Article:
The report, authored by Green MEP for London Jean Lambert and approved by 321 votes to 246 on 15 December 2004, called on EU states to develop a uniform process for assessing asylum applications and strongly rejected the idea of refugee camps in North Africa.
The vote comes against a background of increasingly tough rhetoric from European states towards asylum seekers. In October the German and Italian governments floated a plan to create large holding camps in North Africa to process would-be migrants to Europe. This idea has been condemned by human rights organisations and refugees’ groups like ECRE and UNHCR and was firmly voted down by the European Parliament.
The Lambert report welcomed two recent communications by the European Commission, one calling for the ‘enhancement of the protection capacity of the regions of origin’ and the other focused on creating a ‘more efficient common European asylum system’. The latter is an attempt to end the situation in which European Member States have wildly divergent criteria and procedures for assessing asylum claims. The likelihood of a Chechen refugee receiving asylum in the Slovak Republic, for example, is thin, but should that person manage to cross the border to Austria the chances improve greatly. The report called for standards to be levelled up and deplored the tendency for Member States to harmonise their practices to the lowest common denominator.
Currently assessment procedures are often complicated and lengthy. The report recommended that asylum seekers be subject to one process, with a right of appeal, determining whether an applicant is eligible for asylum status or, if not, to subsidiary protection (a guarantee that they will not be sent back to a country in the grip of a crisis).
The European Parliament also backed a plan to ‘front-load’ the decision making process, meaning investing in better-trained immigration officials and more reliable information gathering. This includes a new initiative to monitor failed applicants who are returned to their country of origin, a controversial measure which countries like Britain are not likely to embrace. When asylum seekers are deported states make no subsequent attempt to check that the judgement was correct, a situation which some see as convenient for states keen to ‘clear the backlog’ of asylum applications. But Jean Lambert told MEPs that ‘it is appalling that someone’s life should depend on an opinion which was never tested for its veracity’. She used the example of Ramzi Isalaam, a homosexual Algerian who is facing the prospect of deportation from the UK on the basis of outdated and sketchy information.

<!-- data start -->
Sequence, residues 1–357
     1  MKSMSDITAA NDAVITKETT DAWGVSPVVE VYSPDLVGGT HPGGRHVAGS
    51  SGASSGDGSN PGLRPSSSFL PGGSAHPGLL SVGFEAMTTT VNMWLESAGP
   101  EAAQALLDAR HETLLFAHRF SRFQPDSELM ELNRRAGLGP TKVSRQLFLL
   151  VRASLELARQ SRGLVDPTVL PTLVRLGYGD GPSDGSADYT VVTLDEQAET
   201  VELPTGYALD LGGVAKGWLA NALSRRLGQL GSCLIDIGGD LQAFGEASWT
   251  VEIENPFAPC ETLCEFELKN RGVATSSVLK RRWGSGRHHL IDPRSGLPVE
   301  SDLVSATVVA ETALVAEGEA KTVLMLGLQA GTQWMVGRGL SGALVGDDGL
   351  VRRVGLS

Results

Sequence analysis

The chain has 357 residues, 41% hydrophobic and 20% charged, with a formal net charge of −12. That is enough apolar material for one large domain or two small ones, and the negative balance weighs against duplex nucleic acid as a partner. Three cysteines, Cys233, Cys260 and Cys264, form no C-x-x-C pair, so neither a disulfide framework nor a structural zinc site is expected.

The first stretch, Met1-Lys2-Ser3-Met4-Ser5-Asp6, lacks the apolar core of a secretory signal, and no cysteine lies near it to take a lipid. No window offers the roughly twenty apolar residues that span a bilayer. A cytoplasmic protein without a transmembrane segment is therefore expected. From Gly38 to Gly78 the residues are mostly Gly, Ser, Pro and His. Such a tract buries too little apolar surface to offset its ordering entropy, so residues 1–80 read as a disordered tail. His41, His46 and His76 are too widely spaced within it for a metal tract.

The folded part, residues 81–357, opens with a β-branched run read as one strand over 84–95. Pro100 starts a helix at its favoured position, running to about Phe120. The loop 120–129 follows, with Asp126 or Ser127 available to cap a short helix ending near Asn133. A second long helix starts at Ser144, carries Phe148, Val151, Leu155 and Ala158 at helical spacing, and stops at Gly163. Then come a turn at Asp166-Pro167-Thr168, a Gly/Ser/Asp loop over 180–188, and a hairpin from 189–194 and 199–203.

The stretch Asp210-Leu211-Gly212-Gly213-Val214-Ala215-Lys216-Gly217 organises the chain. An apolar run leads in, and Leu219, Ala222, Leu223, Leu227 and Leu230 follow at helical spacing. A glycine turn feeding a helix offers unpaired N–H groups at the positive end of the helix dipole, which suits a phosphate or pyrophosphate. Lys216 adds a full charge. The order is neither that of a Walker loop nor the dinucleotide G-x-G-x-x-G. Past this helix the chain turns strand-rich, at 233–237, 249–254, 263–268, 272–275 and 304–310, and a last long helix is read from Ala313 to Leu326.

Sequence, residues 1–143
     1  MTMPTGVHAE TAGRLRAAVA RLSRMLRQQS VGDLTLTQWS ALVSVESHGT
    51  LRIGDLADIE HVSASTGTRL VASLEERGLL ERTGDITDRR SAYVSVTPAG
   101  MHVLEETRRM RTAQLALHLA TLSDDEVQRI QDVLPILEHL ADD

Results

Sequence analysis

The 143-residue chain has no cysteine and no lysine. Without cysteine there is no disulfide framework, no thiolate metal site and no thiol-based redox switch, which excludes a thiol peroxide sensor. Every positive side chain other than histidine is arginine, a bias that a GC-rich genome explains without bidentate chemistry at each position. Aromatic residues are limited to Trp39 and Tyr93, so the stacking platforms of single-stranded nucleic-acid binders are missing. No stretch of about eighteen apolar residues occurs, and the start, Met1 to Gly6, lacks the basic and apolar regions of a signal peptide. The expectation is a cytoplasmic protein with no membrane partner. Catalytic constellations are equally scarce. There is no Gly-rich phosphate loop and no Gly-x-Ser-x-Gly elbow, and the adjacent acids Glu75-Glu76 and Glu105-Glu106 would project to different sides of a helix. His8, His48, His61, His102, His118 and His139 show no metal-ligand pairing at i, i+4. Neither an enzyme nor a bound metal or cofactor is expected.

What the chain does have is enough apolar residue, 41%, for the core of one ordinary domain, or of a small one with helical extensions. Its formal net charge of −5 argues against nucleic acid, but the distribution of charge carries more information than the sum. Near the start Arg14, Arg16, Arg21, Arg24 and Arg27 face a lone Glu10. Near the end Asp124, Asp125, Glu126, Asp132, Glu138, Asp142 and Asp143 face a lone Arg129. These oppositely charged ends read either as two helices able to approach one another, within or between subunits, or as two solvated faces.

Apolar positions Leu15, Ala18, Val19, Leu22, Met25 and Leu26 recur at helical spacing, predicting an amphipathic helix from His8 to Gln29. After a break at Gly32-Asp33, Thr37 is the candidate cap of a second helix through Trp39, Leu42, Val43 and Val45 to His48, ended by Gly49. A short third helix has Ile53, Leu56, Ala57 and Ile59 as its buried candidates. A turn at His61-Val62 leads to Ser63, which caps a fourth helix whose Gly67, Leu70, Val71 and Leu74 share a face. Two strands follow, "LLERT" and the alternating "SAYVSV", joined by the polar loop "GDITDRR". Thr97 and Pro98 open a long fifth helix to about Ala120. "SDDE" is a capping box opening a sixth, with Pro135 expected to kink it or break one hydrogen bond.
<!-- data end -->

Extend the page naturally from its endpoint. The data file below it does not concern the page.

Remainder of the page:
The other main thrust of the report stressed the need to greatly increase support to asylum seekers in their region of origin, both for humanitarian reasons and to try to prevent the desperate scenes of people risking their lives to reach the territory of the EU.
There is enthusiasm in European circles for ‘resettlement’ programmes whereby vulnerable refugees in dangerous areas are identified and offered sanctuary without having previously applied for it. These programmes are common in Australia, the US and Canada but are relatively new to Europe. Some fear that states could use this initiative to further create a false distinction between ‘genuine’ and ‘bogus’ asylum seekers, emphasising compassion in resettling vulnerable refugees while clamping down on asylum applicants. But the European Parliament was explicit that neither resettlement nor greater protection in the regions of origin could exempt states from their obligations to asylum seekers, and that any expense should not be taken out of existing development budgets.
The Lambert report was passed with the support of Lambert’s Green/European Free Alliance group, the Socialists, the Liberals, some of the conservative EPP and the left GUE group. The GUE, made up of parties such as Sinn Fein and Italy’s Rifondazione Comunista, has 41 seats in the Parliament, compared to 42 Greens/EFA, 88 Liberals, 202 Socialists and 268 conservatives. Lambert calculated that gaining the backing of the GUE was more important than attempting to secure the complete support of the conservatives and accepted five GUE amendments that made the report rhetorically more radical.
The whole package sees Parliament in alliance with the European Commission against the Council of Europe. ‘It is fair to see this vote as the Parliament standing up for the rights of asylum seekers in the face of the Council’, Jean Lambert said. ‘Parliament’s emphatic vote against the idea of refugee camps in North Africa sends a strong message that should kill off the idea, at least at the European level, although it will still be possible for states to establish bilateral programs’.
The vote came ahead of European Council discussions on asylum policy, and International Migrants Day on December 18. The timing was intended to exert maximum pressure on the Council. Although a European Parliament vote to adopt a report has no binding legislative effect, it does hold a moral force as the expressed view of the only democratically elected European body.
China's industrial strategy poses new challenges for the UK, writes Dorothy Guerrero
As Brexit looms, Paul O’Connell explores the vexed question of internationalism and the nation-state
Olly Haynes reports on the violent crackdown on protesters on the streets of France
Ignasi Bernat and David Whyte explain why the political trials this week only reveal the tip of the iceberg.
Niccolò Milanese explains where the European Commission and its nation-states stand on Brexit's big questions.
By Dionysia Pitsili-Chatzi, Aris Spourdalakis, Jodi Dean Leo Panitch, and Hilary Wainwright,